Erarta in St Petersburg, a contemporary art museum and gallery, features QR Codes that allow visitors to select which language to use to learn about the artwork, artist, suggest a second name for the piece and order a reproduction.
When a visitor scans the code they’re directed to a landing page for that piece of art with an image to show they’re in the right place and the ability to choose what language to view the information in.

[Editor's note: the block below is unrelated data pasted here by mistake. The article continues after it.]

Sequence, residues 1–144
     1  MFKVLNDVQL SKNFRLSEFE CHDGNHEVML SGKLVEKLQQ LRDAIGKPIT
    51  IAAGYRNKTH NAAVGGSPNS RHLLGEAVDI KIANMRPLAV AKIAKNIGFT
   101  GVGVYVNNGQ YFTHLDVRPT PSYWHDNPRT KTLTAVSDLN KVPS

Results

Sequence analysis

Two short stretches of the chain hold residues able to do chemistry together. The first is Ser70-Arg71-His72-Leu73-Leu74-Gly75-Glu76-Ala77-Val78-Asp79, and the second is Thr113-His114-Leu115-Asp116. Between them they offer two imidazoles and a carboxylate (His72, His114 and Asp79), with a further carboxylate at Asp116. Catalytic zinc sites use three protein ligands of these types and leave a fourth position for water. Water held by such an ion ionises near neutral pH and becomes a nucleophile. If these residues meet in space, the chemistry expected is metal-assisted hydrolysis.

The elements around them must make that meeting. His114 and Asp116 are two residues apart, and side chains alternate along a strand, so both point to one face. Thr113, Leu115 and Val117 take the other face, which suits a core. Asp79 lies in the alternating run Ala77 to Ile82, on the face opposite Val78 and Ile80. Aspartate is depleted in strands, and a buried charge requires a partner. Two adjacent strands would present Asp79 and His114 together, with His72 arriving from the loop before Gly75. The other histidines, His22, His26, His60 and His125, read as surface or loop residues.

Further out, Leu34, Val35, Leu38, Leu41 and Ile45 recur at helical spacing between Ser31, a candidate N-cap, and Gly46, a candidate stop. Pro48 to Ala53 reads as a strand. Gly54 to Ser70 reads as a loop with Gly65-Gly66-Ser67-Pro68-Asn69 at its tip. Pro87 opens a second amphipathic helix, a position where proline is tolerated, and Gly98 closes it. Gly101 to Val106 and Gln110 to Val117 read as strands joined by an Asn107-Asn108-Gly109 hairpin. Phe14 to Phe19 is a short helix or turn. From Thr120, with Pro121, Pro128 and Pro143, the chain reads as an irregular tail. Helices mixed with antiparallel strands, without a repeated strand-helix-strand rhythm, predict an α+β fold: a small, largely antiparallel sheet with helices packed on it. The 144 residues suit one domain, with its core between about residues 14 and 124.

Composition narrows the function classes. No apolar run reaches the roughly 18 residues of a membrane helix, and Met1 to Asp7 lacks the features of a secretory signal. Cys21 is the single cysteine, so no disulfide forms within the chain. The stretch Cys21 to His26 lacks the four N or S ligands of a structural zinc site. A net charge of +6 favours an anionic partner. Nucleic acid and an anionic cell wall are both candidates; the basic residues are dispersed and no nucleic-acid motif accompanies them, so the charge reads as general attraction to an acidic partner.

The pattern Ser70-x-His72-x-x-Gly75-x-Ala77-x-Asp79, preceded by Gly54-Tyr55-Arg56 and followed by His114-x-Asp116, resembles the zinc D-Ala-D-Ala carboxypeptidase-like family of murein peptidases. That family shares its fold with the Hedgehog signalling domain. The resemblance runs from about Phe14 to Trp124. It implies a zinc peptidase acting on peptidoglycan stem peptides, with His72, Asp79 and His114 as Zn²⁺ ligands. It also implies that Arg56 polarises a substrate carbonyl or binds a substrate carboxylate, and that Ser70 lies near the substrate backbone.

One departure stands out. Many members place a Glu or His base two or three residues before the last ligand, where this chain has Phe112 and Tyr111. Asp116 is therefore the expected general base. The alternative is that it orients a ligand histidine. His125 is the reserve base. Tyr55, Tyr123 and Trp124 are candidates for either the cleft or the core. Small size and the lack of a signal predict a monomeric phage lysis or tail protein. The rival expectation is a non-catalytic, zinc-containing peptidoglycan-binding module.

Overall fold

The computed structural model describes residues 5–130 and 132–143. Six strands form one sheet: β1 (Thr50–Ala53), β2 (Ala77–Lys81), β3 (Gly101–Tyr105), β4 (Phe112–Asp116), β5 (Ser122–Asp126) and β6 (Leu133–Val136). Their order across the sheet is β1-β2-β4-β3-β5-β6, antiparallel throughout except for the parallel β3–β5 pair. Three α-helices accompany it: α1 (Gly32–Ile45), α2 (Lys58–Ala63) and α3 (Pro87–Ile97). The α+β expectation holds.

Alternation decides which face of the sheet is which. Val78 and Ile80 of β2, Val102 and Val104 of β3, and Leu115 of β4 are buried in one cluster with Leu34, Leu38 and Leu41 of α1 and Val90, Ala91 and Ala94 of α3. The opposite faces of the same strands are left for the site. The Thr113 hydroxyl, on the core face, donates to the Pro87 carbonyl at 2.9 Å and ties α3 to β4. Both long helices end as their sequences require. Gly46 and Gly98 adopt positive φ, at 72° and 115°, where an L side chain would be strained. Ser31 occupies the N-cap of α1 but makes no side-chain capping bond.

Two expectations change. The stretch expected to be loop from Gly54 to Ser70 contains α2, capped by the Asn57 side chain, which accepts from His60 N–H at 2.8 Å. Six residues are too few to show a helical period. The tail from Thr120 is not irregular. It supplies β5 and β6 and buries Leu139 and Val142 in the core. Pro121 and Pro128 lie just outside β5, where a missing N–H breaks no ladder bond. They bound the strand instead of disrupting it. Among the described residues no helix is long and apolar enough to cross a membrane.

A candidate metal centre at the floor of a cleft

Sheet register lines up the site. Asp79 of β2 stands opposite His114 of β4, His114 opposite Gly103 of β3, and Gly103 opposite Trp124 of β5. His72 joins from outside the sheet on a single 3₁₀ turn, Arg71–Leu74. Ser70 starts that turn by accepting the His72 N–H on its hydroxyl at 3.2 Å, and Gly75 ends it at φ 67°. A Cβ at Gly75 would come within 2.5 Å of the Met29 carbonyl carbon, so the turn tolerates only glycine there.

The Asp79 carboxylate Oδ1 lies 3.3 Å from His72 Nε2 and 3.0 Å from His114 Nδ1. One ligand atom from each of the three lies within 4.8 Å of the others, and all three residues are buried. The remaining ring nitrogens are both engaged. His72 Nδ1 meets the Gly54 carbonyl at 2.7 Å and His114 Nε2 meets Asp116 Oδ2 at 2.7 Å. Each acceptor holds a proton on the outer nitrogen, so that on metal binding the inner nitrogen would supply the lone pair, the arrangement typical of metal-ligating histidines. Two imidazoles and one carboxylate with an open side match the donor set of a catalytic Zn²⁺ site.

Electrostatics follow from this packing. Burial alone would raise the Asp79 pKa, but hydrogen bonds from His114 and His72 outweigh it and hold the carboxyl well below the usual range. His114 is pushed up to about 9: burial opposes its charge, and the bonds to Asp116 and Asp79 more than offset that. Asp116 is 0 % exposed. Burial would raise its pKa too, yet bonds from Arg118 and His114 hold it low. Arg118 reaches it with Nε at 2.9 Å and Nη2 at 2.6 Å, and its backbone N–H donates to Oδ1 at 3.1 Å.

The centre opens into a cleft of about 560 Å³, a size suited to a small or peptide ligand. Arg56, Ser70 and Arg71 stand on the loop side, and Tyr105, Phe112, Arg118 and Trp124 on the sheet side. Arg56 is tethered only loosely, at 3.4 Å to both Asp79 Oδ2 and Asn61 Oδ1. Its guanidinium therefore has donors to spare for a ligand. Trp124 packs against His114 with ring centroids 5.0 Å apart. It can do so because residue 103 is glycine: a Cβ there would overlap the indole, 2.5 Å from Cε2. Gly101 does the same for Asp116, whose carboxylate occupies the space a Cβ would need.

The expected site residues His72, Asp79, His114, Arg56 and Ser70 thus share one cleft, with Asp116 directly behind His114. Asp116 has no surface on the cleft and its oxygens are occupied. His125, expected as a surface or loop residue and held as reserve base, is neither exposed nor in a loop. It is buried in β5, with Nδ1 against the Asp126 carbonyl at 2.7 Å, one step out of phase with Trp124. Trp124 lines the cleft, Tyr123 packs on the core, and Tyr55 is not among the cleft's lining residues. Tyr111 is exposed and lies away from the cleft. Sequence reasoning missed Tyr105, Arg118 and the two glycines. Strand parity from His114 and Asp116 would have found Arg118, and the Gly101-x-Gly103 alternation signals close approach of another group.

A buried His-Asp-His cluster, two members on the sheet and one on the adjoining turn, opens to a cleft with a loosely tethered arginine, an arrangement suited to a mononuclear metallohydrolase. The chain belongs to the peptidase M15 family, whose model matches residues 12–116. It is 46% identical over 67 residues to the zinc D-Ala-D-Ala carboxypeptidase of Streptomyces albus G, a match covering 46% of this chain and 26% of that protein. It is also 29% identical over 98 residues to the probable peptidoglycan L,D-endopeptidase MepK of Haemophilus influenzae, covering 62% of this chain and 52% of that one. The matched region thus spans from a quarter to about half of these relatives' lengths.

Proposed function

They also get a menu with four options currently, including ‘biography’ with details about the artist and ‘second name’ enabling users to suggest an alternative name for the work.
Next comes ‘art-literature’ allowing anyone to write a few lines, in essay or poetry format, about what they see, how they feel about it etc
Then, if Erarta likes what they’ve written they publish it for all to share which, says Vadim Varvarin, president of the Erarta Fund:
“Helps all our guests build more of a personal connection to contemporary art.”
The fourth and final option is ‘Take Home’ where the museum’s workshop creates a reproduction of the work of art to any scale so the user can own it.
The screenshot below shows what users see after scanning the QR Code®: